Every Shabbat the leḥem ha-panim – the Shewbread – would be switched, with the old bread taken and eaten and the new bread placed on the table. The Mishna on today’s daf describes how this was done, with one group of kohanim placing the new bread on the table as another group was removing the week-old – but still fresh – loaves. Replacement of the loaves in this manner was essential because the Torah commands that the loaves be placed before God tamid – “always” – (see Shemot 25:30). Rabbi Yosei disagrees with this understand of tamid, arguing that even if the loaves were removed in the morning and replaced in the evening, it would still fulfill the requirement of tamid, which should be understood as teaching that a night should not pass without Shewbread on the table.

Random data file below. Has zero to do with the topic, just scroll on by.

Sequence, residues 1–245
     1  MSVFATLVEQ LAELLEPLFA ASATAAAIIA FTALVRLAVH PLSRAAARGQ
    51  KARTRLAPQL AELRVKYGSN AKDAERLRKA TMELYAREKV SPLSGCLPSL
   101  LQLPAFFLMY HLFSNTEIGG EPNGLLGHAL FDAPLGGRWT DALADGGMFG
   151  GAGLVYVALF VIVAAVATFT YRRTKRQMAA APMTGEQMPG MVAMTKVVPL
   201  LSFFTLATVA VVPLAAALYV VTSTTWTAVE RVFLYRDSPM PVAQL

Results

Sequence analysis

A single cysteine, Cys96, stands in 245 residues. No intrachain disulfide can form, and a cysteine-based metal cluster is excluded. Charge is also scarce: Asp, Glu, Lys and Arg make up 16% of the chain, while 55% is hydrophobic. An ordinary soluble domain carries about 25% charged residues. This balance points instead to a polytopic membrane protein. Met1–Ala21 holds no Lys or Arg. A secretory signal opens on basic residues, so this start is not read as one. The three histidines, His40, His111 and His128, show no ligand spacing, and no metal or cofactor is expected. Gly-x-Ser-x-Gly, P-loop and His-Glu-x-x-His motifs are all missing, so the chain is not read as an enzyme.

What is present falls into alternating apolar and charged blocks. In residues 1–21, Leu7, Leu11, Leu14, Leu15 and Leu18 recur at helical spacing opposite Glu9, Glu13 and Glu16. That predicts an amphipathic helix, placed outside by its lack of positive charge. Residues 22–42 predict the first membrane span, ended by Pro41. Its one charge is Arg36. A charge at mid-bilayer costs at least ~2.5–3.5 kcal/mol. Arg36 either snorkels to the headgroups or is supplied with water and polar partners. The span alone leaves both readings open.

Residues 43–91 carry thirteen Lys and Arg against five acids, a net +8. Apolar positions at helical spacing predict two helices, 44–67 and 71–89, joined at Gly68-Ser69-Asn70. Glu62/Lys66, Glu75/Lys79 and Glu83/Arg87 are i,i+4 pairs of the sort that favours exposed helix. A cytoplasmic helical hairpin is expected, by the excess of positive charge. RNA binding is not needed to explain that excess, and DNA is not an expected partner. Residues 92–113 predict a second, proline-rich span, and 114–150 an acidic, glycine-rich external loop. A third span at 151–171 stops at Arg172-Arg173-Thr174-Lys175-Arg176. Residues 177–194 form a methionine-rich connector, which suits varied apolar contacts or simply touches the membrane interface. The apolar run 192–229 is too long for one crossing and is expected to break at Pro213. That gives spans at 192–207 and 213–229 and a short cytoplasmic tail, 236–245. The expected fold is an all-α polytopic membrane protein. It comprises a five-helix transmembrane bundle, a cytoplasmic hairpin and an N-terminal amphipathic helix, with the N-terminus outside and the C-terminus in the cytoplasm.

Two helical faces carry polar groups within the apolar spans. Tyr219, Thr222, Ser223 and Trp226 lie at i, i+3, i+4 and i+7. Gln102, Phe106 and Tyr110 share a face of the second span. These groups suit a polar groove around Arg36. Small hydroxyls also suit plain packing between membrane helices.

Rabbi Ami infers from Rabbi Yosei’s teaching that the concept of tamid – “always” – need not be understood as requiring 24 hour vigilance, and applies it to other situations, as well. Specifically, he says that Torah study, which is a requirement “day and night” (see Yehoshua 1:8) can be fulfilled by studying a chapter in the morning and a chapter at night. This suggestion is supported by the ruling of Rabbi Yoḥanan in the name of Rabbi Shimon bar Yoḥai who taught that a person fulfills his obligation to learn Torah according to the passage in Sefer Yehoshua even if he merely recites the Shma in the morning and in the evening, but that it is forbidden to teach this to unlearned people who will take advantage of it. Rava argued that it is a mitzva to teach this law to people who are unlearned, so that they should understand how great the reward for serious Torah study might be.